Will Netflix Change the Movie Business?

The news that The Weinstein Company will be releasing its sequel Crouching Tiger Hidden Dragon: The Green Legend on Netflix the same day it's released on limited IMAX screens has sent shockwaves through Hollywood. Netflix already beat brick-and-mortar video distribution companies like Blockbuster and it's started to give traditional television networks a run for their money with original series. Now the future of feature-length cinema distribution might be facing a new business model.

Variety reports that theater chains are feeling the pressure and have boycotted the film (which will once again star Michelle Yeoh). In addition to piracy, movie theaters are being threatened by audiences deciding to wait for films to appear on cable and satellite, as well as streaming services like Netflix.  The window between theatrical release and on-demand availability is shrinking, and now Netflix has dropped the gauntlet, delivering its own major cinematic release the same day that the production company makes it available.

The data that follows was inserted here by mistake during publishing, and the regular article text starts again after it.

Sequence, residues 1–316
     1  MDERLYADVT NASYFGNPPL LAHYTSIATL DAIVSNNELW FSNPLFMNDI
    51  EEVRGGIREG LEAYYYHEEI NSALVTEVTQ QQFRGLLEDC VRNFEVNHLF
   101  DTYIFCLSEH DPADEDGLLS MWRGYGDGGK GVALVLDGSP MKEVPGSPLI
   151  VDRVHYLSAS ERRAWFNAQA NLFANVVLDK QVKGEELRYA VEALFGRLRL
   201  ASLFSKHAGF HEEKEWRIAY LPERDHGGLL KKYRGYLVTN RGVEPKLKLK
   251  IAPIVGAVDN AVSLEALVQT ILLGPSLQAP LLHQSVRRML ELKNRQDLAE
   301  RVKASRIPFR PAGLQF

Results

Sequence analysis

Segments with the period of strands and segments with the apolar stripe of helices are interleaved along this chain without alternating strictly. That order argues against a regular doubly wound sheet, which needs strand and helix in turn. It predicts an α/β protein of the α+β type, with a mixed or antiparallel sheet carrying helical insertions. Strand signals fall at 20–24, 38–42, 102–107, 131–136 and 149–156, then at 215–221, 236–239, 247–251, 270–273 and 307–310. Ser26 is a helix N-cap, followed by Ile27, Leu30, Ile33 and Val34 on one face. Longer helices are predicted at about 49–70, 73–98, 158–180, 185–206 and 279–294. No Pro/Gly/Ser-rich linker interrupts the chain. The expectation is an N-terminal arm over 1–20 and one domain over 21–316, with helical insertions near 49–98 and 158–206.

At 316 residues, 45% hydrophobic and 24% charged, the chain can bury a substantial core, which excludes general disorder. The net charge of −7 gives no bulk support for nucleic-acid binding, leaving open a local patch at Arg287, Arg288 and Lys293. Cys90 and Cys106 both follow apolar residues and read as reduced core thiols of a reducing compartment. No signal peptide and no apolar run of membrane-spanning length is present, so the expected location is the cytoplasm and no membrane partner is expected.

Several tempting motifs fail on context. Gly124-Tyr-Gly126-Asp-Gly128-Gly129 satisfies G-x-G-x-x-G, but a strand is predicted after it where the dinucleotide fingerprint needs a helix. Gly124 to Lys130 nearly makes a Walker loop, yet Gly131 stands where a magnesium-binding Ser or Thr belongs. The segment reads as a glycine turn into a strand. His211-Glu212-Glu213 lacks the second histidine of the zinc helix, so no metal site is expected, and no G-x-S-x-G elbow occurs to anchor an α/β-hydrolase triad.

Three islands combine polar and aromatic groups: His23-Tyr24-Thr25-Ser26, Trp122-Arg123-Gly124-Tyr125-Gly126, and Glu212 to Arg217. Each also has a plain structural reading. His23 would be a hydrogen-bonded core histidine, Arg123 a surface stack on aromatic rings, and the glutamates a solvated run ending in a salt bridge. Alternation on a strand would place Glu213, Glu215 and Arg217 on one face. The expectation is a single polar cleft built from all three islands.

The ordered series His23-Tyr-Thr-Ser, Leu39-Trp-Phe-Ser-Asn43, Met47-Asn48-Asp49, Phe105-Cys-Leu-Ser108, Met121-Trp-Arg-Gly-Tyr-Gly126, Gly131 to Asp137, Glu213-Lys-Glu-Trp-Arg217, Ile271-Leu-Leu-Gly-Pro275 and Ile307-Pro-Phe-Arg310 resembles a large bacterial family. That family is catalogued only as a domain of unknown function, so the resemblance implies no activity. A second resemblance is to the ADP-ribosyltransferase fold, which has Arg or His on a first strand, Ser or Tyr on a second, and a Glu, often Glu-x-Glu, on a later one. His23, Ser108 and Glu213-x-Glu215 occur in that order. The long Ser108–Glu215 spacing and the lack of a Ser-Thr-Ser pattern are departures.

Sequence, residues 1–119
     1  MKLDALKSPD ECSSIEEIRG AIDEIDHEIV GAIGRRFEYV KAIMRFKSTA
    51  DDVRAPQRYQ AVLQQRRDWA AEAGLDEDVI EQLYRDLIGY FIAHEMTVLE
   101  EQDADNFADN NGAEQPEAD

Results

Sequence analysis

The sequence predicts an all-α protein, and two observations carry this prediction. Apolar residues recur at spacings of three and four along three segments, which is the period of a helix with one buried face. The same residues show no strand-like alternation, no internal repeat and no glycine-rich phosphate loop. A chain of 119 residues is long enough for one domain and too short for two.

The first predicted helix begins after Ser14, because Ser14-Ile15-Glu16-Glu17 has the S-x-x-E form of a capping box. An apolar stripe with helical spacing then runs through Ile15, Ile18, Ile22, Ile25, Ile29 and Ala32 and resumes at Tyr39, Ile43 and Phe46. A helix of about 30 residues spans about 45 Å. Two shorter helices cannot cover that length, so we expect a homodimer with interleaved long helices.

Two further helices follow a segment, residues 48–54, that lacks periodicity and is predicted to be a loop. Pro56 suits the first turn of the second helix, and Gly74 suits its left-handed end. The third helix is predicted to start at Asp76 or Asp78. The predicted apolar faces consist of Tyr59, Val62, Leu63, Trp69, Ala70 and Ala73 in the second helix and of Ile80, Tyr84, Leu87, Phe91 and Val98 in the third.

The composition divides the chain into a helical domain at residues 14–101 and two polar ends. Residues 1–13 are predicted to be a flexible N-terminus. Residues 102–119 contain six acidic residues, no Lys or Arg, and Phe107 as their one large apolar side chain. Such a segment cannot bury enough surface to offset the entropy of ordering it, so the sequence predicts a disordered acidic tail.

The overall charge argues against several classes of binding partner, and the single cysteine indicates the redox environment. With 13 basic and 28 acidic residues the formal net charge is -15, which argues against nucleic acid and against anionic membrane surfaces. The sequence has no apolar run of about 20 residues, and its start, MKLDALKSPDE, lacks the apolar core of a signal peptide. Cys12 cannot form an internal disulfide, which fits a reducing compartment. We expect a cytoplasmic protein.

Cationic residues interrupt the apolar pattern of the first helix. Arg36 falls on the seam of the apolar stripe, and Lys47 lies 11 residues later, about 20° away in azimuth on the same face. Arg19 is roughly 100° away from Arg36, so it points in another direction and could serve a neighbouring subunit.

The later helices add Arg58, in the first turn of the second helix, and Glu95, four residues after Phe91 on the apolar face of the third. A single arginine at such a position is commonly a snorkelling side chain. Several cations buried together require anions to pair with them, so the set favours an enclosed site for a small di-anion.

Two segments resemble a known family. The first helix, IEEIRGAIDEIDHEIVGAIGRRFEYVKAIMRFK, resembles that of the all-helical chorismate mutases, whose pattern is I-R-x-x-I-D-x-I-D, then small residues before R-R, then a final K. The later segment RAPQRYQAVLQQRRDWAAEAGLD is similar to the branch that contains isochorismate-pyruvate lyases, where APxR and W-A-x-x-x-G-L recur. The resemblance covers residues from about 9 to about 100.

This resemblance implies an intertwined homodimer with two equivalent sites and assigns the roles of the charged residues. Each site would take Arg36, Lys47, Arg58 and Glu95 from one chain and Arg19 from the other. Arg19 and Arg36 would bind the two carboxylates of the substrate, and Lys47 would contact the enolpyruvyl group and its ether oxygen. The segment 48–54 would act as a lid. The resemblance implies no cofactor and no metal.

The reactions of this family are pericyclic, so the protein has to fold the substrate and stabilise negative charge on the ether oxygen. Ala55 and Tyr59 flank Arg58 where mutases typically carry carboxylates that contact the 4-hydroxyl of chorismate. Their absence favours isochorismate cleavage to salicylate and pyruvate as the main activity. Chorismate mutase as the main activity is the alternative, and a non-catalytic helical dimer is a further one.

The question for theatrical chains shouldn't be "How do we stop Netflix?" but rather "How do we stay relevant in the age of Netflix?"  Movie theaters survived television and the Internet. They need to think creatively.  This need not be the death knell for the movie-going experience, even if more people will be able to watch brand new films from the comfort of their own homes or anywhere that their mobile devices allow them to go.

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